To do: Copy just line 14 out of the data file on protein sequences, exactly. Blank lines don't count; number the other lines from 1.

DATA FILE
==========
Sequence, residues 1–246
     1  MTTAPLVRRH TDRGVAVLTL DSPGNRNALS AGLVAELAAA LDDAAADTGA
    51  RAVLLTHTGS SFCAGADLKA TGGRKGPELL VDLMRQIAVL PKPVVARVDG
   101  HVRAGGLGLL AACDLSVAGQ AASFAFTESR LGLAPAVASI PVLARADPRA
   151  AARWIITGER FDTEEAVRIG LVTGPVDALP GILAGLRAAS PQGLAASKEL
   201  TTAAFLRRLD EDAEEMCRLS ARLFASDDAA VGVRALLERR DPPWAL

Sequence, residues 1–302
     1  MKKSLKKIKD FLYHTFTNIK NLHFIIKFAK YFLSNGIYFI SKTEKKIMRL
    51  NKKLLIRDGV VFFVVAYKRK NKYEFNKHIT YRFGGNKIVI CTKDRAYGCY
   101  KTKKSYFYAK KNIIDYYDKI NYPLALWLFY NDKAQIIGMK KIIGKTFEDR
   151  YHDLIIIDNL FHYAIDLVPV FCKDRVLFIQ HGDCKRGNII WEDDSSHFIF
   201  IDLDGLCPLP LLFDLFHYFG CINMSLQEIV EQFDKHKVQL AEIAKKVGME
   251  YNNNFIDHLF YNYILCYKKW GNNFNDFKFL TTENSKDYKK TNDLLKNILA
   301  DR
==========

   301  DR